Five years on, I still get referrals from that stint. Good, paying ones too.
Maybe I got lucky. Or maybe it was also because I didn’t know whether I was good or not. And so by extending my hand, it was an invitation to get the feedback I needed from my market. If I wasn’t any good at what I did, then I wouldn’t have repeat customers; and it would be a chance for me to learn from my experience and improve. If I was deemed worthy, then I’d start charging for my efforts because I’d know I’m valuable. Remember that your value is almost always in the eye of the beholder.
I’d seriously doubt anyone who said that they have never been in the same position as I did – young, eager, and hungry. The only difference is, is that when I take on a job, no matter how big or small, I do it for myself first. Sure, clients will still get what they want at the end, but so will I. A lot of the whining I hear these days stem from those who feel as though they’re being ripped off, and that they are powerless to dictate the rules. And that’s not true at all.
Don’t play the victim.
START FROM YOUR STRENGTHS
Everyone can draw. The ability to draw doesn’t make you an illustrator. It’s the same with photographers and designers too – everyone with a camera can take pictures, just as much as anyone with Photoshop can design. The beauty lies in the value we are able to provide, which can’t wholly be summarised in our work. It lies in personality, process and story. It lies in the many variables that make up what we do.
Now, we can’t have people dictating that those without qualifications can’t practice or try their hand at a craft. Or even charge for it. That’s bigotry. That’s fear. Fear of being overshadowed by others who are more skilled than you (and perhaps, even cheaper than you). Fear of losing out to the many artists out there who you feel are competing for a slice of a shrinking pie.
Instead of working in fear, how about creating work from a place of strength? Say no to things that won’t allow you to shine. Recommend others who you know are more well suited to a job. Concentrate and seek out clients and briefs that gets you all giddy with excitement. Take on work that you’d be proud to show off in your portfolio. Don’t just do it for the money. If money is what you’re after, get a day job instead.
Accepting that the rules and landscape has changed for illustrators and designers everywhere is the first step to embracing it.
You say that you won’t get into it because it demeans your profession. Fair enough. But think of it this way: If your work doesn’t get seen because you’re holding out for more money, then you lose. Every time you don’t get to practice what you like doing, it’s already costing you opportunities. You’re losing. It’s a paradox.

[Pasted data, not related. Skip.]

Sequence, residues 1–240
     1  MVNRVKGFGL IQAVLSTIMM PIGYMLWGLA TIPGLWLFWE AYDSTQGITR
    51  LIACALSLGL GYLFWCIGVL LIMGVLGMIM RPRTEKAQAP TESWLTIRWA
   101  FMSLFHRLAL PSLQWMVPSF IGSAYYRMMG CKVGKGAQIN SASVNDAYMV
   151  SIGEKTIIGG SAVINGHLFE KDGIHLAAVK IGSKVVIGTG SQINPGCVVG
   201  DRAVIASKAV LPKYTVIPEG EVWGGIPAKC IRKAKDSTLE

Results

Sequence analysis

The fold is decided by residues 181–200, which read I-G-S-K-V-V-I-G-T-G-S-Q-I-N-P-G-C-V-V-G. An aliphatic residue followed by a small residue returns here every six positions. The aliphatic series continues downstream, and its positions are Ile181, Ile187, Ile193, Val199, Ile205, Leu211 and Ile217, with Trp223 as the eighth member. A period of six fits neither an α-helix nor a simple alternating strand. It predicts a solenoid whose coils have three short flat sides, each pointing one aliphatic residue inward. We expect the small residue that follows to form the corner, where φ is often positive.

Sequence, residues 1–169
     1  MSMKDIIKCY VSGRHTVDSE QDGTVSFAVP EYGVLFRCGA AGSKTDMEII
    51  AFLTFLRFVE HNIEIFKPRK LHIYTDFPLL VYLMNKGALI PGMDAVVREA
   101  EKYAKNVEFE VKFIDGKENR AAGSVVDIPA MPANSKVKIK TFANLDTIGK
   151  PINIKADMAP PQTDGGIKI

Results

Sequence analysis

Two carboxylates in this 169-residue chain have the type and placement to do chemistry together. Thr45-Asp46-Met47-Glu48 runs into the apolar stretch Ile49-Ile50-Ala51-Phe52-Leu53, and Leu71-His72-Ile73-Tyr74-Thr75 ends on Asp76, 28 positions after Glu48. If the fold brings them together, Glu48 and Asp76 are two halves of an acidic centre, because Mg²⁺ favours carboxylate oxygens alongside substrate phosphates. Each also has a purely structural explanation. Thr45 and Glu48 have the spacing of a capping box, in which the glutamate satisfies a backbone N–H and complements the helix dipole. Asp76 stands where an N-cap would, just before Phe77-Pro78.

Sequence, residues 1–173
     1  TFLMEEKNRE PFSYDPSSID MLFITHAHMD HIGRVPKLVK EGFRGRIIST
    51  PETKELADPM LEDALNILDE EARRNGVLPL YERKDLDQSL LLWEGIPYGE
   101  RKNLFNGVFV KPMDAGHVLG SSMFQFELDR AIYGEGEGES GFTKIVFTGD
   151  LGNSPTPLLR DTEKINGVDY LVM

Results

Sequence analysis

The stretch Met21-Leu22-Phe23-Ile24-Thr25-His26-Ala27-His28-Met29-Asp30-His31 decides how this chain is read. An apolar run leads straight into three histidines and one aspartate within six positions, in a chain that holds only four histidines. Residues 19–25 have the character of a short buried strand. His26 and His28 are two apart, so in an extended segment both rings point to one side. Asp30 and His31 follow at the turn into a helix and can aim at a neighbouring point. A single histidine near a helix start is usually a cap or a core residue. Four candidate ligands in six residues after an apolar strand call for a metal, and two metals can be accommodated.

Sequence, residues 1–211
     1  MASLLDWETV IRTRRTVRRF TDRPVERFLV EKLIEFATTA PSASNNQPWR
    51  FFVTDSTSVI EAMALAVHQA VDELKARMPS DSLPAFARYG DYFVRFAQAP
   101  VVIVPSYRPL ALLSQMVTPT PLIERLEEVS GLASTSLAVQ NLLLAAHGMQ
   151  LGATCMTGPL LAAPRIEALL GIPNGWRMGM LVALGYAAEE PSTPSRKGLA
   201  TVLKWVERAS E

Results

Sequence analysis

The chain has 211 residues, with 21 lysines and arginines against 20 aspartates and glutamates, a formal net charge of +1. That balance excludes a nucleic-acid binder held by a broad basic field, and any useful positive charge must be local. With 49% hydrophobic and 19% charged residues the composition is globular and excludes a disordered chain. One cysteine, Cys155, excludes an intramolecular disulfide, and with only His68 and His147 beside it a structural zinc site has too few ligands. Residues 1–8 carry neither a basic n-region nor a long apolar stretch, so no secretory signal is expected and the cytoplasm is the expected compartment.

The question then becomes: how much are you willing to lose before you’re open to the idea of trying something new? Something that might not pay off in the beginning, but pays dividends as you go along – you’ll learn to be quicker, more nimble. You’ll learn how weed out good clients from bad, and to know which projects are worth taking on and those that aren’t worth your time.
You can’t learn all those things twiddling your fingers and sitting on the side bench; watching and waiting as opportunities to sharpen your skills come and go. You’ll need to get in there and roll up your sleeves.
It’s dirty. It’s tough. But it’s necessary.
Just remember that above all else, you’re doing it for yourself first; and that five dollars is a (very) small bonus.
Amy Ng blogs at Pikaland, a popular stop for illustration lovers, students and artists who are looking for answers on how to find a balance between art, creativity and commerce.
Posted by Amy Ng on 10/28/15 under artists
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Post by Jeanine
Matte Stephens, an illustrator and painter from New England, creates wonderful, whimsical cityscapes and anthropomorphized animal scenes. The influence of Mid-Century artists like Alexander Girard, Charles & Ray Eames, Ben Shahn and Paul Klee are clear in his vintage style. His impressive client list includes Tiffany & CO, American Express and Jonathan Adler, and Chronicle Books.
Posted by Jeanine Henderson on 10/26/15 under artists
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(Illustration by Thomas James)
Are you working on any of your own personal art projects, or just giving all your energy away to your clients?
If you’re like many Illustrators, chances are you’re not making personal work a priority, and your creative self-expression and freedom is being sacrificed for the sake of running your business. This is understandable, because the demands of a career in freelance Illustration or Design require a seemingly endless supply of time and effort, leaving you with little to keep for yourself. The thing is, neglecting to work on your own projects can have a negative impact on your creativity, your inspiration, and even the quality of your work. The good news is that it’s never too late to start, or restart, your own personal projects and tap into the following benefits of creating art for art’s sake.
Freedom of Expression
Pursuit of Creative Vision